MADISON (WKOW) -- At every turn inside La Michoacana Ice Cream's east side location, reminders of the COVID-19 pandemic are present.
X's marked with black tape appear six feet apart, messages scrawled on notebook paper appear outside and on the counter reminding customers masks are required and only 10 people can be inside at once.
Even the daily special board serves as another reminder to socially distance.
"We are just having a lot of precautions, you know, just to keep people safe," said owner, Armida Ramos. "Keep their distance, wear a mask, and take the orders to go only, not eat in here."
Ramos said the pandemic has slowed business to a crawl during what is already a difficult time -- running an ice cream shop during a Wisconsin winter. In addition to the original west side location, Ramos said she has had to delay plans to open a third location in Middleton.
What she hopes to do in the meantime is keep her business alive and help others to survive the pandemic -- one that has had an outsized impact on Latinos in Dane County.
"A lot of Latinos, they work in restaurants, hotels, cleaning departments," Ramos said. "They are getting the more (high) risk jobs to do."
The December 10 weekly snapshot from Public Health Madison & Dane County stated Latino/Hispanic residents accounted for 16 percent of the county's COVID-19 cases despite making up just six percent of the population. In the previous snapshot, it was 17 percent; the one before that, 19 percent.
PHMDC confirmed earlier this week Wisconsin's youngest known COVID-19 death was Isai Morocho, a 16-year-old student at Madison East High School.
The Latino Health Council, which branches off UW Health, agreed with Ramos' assessment that Latino residents were more likely to work jobs that put them at greater risk.
"It represents all the of inequities we've been talking about for so long and we've been seeing in so many different areas," said Shiva Bidar-Sielaff, a Madison alder and co-chair of the health council.
The council's leaders said those economic disparities translate to Latino workers having to indeed take on more high-risk occupations.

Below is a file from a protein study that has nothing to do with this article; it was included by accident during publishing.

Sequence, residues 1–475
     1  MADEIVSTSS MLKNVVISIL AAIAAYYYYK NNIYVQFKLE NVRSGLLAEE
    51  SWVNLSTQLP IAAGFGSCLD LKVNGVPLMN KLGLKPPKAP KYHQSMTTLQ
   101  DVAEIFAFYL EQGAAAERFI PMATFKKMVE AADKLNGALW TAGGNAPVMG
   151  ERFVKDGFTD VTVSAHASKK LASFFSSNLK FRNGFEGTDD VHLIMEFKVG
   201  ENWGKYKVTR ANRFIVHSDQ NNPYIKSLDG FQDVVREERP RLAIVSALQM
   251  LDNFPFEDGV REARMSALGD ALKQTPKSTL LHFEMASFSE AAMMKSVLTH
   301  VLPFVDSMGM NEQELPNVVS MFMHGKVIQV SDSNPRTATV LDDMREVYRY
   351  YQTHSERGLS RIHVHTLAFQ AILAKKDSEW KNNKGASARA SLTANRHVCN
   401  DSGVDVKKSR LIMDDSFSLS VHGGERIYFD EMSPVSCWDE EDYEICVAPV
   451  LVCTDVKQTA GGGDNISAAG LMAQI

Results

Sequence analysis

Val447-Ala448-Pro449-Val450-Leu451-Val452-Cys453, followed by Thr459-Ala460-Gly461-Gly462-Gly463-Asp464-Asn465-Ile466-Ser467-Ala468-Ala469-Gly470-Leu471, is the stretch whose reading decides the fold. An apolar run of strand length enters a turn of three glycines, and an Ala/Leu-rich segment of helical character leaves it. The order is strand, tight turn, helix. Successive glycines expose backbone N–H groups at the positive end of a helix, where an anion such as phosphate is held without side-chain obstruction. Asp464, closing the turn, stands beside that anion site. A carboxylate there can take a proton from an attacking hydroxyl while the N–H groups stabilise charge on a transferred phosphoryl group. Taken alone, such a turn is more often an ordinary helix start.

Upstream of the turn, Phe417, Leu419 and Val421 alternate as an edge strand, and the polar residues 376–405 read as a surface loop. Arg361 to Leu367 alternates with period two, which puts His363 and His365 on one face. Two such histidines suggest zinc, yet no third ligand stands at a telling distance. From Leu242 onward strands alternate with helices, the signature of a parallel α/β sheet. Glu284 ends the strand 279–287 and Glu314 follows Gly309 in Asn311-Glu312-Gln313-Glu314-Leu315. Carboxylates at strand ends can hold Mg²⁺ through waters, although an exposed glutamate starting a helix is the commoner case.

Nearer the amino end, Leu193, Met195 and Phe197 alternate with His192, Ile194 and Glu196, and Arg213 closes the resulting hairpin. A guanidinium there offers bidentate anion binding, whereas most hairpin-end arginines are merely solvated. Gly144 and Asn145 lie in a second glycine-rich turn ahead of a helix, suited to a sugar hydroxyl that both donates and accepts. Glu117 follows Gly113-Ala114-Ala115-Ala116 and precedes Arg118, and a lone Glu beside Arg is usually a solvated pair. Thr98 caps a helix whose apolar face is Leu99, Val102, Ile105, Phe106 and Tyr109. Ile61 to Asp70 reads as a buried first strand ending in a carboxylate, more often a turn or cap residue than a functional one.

"Our community has to work jobs that are essential so they have to leave their homes to be able to go to work," said council co-chair Dr. Patricia Tellez-Giron. "They cannot do their job at home."
The council said the economic disparities also mean Hispanic families more likely to live in higher-risk settings: multi-generational families crowding units in higher-density complexes. Tellez-Giron said immigration status also factors into the imbalance.
"We have a large percentage of our communities that are undocumented and they will not benefit for unemployment or the stimulus checks," Tellez-Giron said.
The council has worked with Spanish-speaking media outlets to arrange question-and-answer segments for people to learn about the virus and how to minimize their risks. It also partners with small businesses, who can extend the message to people more likely to trust the shops they frequent.
"They can also educate customers that come to those businesses around issues of protecting our communities and ourselves," Bidar-Sielaff said.
The council said with the recent approvals of the Pfizer and Moderna vaccines, it would work to expand its message to tout the vaccines' safety and to demand equal access to inoculation for Latino residents in high-risk categories.
For Ramos, the vaccines' approval gives hope the taped-on X's will give way to the tables that once stood there for people hoping to have a scoop, a popsicle or even some hot street corn inside.
"I see more people taking a lot of responsibilities; they wear the mask, they keep their distance," she said. "I see more people taking this situation more seriously."